Dr. Ray on Discipline

Discipline — it’s a word that once had a pretty good reputation. Parents instinctively knew that discipline was something kids needed. It was good for them. It taught them the basics of living: character, morals, responsibility, respect.

But in the last generation or two, discipline has received a spanking. Some experts proclaim that really savvy parents shouldn’t have to discipline much. They can talk and reason children into cooperating instead. The media bombard parents with all the latest theories on psychological correctness. And the culture relentlessly echoes the attitude that words such as “authority,” “limits” and “control” are old-fashioned concepts we need to throw off.

No matter what trendy notions permeate parenting today, reality always wins.

No matter what trendy notions permeate parenting today, reality always wins. Discipline still is critical to raising moral people. It still is a loving, durable gift that lasts a lifetime. And it still is something parents instinctively know is good for their children.

What do I mean by “discipline”? Poll a hundred people —  parents or experts — and you’ll likely get a hundred varying definitions of the word. Some might say the only good discipline is an old-fashioned spanking. Others would define discipline as teaching. The former is too narrow for our purposes, and the latter is too broad.

I prefer to define discipline in a pretty straightforward, commonsense manner: to put limits and expectations upon a child’s behavior, backed by consequences when necessary, in order to socialize and build character.

Indeed, no area of child rearing causes more day-to-day uncertainty, guilt, and frustration than discipline. We may find ourselves asking: Are my expectations too high? Am I too strict? Too lax? When should I discipline? Where? How much? What if I’m wrong? How can I get my kids to listen? Is their behavior normal?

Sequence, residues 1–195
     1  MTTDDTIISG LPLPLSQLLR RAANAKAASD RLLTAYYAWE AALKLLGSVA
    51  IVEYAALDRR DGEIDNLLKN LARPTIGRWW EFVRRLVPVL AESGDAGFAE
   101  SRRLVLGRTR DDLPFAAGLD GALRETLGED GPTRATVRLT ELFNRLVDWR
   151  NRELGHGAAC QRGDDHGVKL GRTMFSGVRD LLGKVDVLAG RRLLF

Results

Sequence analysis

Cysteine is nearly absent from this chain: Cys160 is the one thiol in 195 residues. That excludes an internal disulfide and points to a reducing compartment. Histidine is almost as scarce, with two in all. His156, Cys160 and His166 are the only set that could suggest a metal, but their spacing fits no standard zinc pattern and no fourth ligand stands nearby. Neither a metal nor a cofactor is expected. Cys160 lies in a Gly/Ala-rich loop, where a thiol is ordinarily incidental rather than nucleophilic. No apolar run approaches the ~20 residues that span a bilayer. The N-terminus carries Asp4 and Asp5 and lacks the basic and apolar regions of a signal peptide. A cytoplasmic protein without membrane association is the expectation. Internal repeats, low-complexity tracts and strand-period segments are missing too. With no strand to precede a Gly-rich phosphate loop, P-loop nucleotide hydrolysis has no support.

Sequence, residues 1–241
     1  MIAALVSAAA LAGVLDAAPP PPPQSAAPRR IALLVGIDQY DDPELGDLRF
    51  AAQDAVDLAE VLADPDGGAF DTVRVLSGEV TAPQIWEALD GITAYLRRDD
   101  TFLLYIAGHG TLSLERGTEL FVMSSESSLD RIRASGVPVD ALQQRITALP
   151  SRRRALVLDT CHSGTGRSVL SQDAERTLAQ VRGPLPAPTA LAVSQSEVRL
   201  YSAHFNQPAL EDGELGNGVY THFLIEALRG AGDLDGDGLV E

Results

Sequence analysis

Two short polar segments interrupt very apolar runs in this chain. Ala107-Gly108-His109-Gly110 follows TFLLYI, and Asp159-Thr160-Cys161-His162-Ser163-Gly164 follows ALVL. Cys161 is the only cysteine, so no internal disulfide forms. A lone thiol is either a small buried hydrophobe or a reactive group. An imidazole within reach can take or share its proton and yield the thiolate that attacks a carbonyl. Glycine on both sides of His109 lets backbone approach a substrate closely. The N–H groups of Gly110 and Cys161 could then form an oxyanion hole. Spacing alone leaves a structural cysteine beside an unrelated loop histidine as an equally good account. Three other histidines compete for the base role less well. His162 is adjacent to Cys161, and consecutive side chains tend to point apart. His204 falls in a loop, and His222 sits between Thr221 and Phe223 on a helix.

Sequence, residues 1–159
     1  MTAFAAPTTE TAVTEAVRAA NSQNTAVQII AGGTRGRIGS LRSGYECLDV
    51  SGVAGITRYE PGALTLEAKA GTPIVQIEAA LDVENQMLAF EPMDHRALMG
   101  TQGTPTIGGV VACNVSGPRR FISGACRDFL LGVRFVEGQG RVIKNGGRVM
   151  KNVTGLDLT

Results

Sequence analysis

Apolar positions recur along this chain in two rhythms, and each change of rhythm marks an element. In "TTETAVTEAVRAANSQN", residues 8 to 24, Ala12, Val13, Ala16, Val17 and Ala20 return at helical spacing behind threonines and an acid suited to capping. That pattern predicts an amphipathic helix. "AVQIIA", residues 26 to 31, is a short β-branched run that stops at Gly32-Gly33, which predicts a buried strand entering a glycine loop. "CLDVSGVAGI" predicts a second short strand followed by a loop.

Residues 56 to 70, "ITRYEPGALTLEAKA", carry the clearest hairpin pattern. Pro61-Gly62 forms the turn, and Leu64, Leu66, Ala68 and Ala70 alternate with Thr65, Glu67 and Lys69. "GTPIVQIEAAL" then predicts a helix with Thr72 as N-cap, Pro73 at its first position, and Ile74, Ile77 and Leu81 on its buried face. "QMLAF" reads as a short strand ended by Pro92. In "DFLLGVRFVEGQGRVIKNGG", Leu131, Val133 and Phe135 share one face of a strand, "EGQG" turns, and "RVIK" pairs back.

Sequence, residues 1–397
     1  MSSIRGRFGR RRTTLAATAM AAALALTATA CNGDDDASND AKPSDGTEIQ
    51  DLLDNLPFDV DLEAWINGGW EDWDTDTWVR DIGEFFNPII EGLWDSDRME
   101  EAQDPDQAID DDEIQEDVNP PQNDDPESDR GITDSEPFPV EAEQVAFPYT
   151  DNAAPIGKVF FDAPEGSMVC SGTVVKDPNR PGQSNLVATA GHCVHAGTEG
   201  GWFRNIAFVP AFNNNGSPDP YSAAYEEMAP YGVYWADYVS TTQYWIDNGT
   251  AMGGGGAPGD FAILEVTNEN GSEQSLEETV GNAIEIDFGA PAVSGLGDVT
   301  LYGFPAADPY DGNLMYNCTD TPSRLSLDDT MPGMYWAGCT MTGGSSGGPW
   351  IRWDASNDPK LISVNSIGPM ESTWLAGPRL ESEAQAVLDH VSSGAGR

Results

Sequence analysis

Here is what I tell parents:

1. More than anyone else, you know what’s best for your child.

2. Authority is not a bad word.

3. Discipline, by and large, is not complicated. Good ideas for administering discipline are straightforward and easy for you to use. Similar techniques can work for a wide range of problems.

4. Most importantly, parenthood is God-designed to be enjoyed. We’re all in this together. We share the same worries and frustrations. So let’s lighten up, laugh more, and love our children enough to do what’s best for them — and for us, too.

You can learn more about Dr. Ray Guarendi and his work at www.drray.com.

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About the Author

Dr. Ray Guarendi is a father of 10, clinical psychologist, author, public speaker and radio host. His radio show ― "The Doctor Is In" ― can be heard weekdays. Please see our radio affiliate listings (Ave Maria Radio & EWTN Radio) for a station in your area. You can also listen live online or on Sirius satellite radio, channel 160. Dr. Ray's experience includes school districts, Head Start programs, mental health centers, substance abuse programs, inpatient psychiatric centers, juvenile courts, and a private practice. Dr. Ray has been a regular guest on national radio and television, including Oprah, Joan Rivers, Scott Ross Prime Time, 700 Club, Gordon Elliot, and CBS This Morning. He's appeared on regional radio and television shows in over 40 states and Canada. He has been the program psychologist for Cleveland's Morning Exchange, Pittsburgh 2-Day, and AM Indiana. He has written several books, including Discipline That Lasts a Lifetime, You’re a Better Parent Than You Think!, now in its twenty-fifth printing, Back to the Family, Good Discipline, Great Teens, Adoption: Choosing It, Living It, Loving It and his newest book, Marriage: Small Steps, Big Rewards.

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